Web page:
How Relationships Are at the Core of Star Wars

The I Love You. I Know.: Lessons in Love and Friendship author on her new book and what really makes us connect with the galaxy far, far away.

What makes a story a Star Wars story? It’s a question I have asked numerous Star Wars fans and creators over the last few years. After writing the text for the newly released book Star Wars: I Love You. I Know.: Lessons in Love and Friendship I can tell you my answer — relationships, relationships, relationships (with a mix of pew-pew and a dash of out of this world creatures).

Like many Star Wars fans, my love of the galaxy far, far away is very personal. Which is why I took the task of writing a book about love and Star Wars very seriously. I can’t remember a time in my life where Star Wars wasn’t there — like a close friend of the family. With a sprawling story spanning decades and filled with dozens of characters of all ages, I have found myself relating to Star Wars characters in different ways over the years.

I Love You. I Know. cover

The first step in writing I Love You. I Know. was coming up with 25 pairs to illustrate love in the five different categories that DK Books gave me: True Love, Family, Friends, It’s Complicated, and Enduring Love. My initial brainstorming list of Star Wars pairs was long (very, very long), even though I was asked to focus mostly on pairs from the live-action films. It’s a credit to George Lucas and many other writers and directors over the years that Star Wars is bursting with dynamic characters.

I Love You. I Know. excerptI Love You. I Know. excerpt

Some pairs I felt were must-haves in the book (Kanan and Hera, Anakin and Ahsoka, C-3PO and R2-D2, Finn and Rey, etc.). Other pairs were personal favorites of mine (Obi-Wan and Satine, Jyn and Galen, Chirrut and Baze). I was delighted when one DK editor suggested Larma D’Acy and Wrobie Tyce from Star Wars: The Rise of Skywalker, since focusing (um, obsessing?) about smaller, even at times background characters, is something most Star Wars fans, including myself, delight in. I felt pressure to write something meaningful for pairs I know many Star Wars fans hold close to their hearts. This project was an amazing chance to rewatch Star Wars films focused only on the relationships, whether the pairs were kissing or engaged in a lightsaber battle.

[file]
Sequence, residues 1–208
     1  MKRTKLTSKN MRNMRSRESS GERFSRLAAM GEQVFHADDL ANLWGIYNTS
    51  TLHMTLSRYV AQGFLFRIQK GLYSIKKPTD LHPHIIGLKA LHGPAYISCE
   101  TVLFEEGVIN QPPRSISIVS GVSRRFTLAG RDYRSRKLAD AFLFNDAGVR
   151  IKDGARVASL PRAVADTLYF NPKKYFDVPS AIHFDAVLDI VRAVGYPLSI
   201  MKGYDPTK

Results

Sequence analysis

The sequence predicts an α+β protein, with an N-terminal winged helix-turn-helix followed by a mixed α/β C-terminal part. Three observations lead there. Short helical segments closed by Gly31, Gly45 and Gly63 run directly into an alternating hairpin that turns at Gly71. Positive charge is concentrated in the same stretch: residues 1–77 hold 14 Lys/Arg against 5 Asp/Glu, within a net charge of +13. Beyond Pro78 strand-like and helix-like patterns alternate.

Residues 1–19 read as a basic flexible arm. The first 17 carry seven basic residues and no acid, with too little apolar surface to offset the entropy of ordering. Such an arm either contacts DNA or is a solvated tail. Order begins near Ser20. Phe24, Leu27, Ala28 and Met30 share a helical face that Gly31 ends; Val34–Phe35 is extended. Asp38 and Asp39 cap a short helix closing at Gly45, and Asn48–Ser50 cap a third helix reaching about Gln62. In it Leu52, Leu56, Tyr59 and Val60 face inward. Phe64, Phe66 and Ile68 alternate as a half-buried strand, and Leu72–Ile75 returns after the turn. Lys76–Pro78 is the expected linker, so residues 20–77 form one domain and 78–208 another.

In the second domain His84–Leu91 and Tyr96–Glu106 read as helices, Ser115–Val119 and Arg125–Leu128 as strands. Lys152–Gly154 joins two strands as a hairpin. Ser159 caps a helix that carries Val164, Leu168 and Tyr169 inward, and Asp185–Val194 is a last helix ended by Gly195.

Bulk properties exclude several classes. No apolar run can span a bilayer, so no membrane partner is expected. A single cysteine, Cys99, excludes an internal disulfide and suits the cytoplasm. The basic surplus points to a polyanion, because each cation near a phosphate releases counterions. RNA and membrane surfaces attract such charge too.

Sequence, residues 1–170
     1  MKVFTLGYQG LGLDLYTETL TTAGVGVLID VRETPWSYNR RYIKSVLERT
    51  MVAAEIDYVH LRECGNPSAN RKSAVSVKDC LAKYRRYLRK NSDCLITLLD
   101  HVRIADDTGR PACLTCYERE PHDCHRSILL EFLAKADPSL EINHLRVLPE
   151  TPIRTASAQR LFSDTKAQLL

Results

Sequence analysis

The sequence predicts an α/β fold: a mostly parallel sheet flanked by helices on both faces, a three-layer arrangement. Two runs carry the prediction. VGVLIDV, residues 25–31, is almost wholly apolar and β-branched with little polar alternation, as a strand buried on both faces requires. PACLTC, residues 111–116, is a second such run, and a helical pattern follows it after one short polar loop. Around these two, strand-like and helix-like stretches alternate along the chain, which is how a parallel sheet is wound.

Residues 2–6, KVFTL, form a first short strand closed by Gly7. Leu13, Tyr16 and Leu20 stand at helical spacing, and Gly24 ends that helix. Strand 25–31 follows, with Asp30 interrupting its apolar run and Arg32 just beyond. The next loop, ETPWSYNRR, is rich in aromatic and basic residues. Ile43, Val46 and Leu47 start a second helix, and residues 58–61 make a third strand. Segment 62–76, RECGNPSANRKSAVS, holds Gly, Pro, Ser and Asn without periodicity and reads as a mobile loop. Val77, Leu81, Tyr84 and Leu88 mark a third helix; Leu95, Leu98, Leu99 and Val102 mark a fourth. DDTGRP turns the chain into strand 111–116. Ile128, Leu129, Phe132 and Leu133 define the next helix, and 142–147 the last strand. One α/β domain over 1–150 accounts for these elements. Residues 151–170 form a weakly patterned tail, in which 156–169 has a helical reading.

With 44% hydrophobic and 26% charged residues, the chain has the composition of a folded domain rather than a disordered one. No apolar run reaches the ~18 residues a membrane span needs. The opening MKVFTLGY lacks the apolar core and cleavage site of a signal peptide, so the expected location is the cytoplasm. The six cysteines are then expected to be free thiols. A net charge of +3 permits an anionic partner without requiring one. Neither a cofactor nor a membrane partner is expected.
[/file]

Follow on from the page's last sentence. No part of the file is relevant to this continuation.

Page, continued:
Writing about a few pairs helped me connect to Star Wars in an even deeper way. Even though sisters Rose and Paige Tico didn’t share any screen time together, their bond was so strong and beautiful in Star Wars: The Last Jedi it was the first thing my older sister texted me about after she saw the film. Star Wars sisters! In space! Leia and Holdo’s friendship in the same film similarly was a relationship I felt like I had been waiting for in a Star Wars story and felt honored to write about. Two strong and successful women lifting each other up, instead of trying to one up each other — I hope we see more female friendships like this in future Star Wars stories. And while I have always felt emotional watching Shmi Skywalker say goodbye to her son in Star Wars: The Phantom Menace, when your own son is the same age as Anakin and you watch that scene — well, to say it hits different is an understatement.

I Love You. I Know. excerpt

One thing I learned while writing I Love.You. I Know. is that for many characters I tended to focus on them as more as part of a larger group — the crew of the Ghost, a member of the Resistance, a group of criminals — more than the individual bonds between two characters. One of my favorite aspects of the book is that bonds between characters such as Han and Chewbacca were given as much weight as Han’s romantic relationship with Leia. I think it’s fair to say that Star Wars is a story about the battle between the light and dark side of the Force, but what good is winning that battle if you don’t have anyone special to share the victory with or to go home to? I hope that I Love You. I Know. makes it clear that someone doesn’t have to be your sweetie; it can be a loyal droid, a friend who always comes back for you, or your long lost sibling. Anyone you feel a special connection to.

Something else I found very relatable while writing the book was that Star Wars love stories don’t always work out or end the way you want them to. Love is hard. Love is messy. Should Obi-Wan have left the Jedi Order to be with Satine? Could Han have said or done something that could have kept Qi’ra from flying away? As one of the chapter headings says in I Love You. I Know. — it’s complicated.

I Love You. I Know. excerpt

Love is everywhere in Star Wars and impossible to define — and this book is much more about finding a lesson in love to connect with from Star Wars stories than trying to define these often complex on-screen relationships. For many of these pairs I could have written a half dozen different lessons. I hope everyone who reads I Love You. I Know. can find new ways to feel a bond with characters they know and love. But keep in mind that while a friendship with a Wookiee or a friendly rivalry can set you up for a happy ending, it’s important to avoid destructive relationships. As Krennic learned the hard way, a technological terror can’t love you back.

Star Wars: I Love You. I Know.: Lessons in Love and Friendship is available now.

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Amy Richau is a writer, lifelong Star Wars geek, and diehard Denver Broncos fan. You can find her on Twitter @amyrichau and more of her writing on FANgirl Blog.

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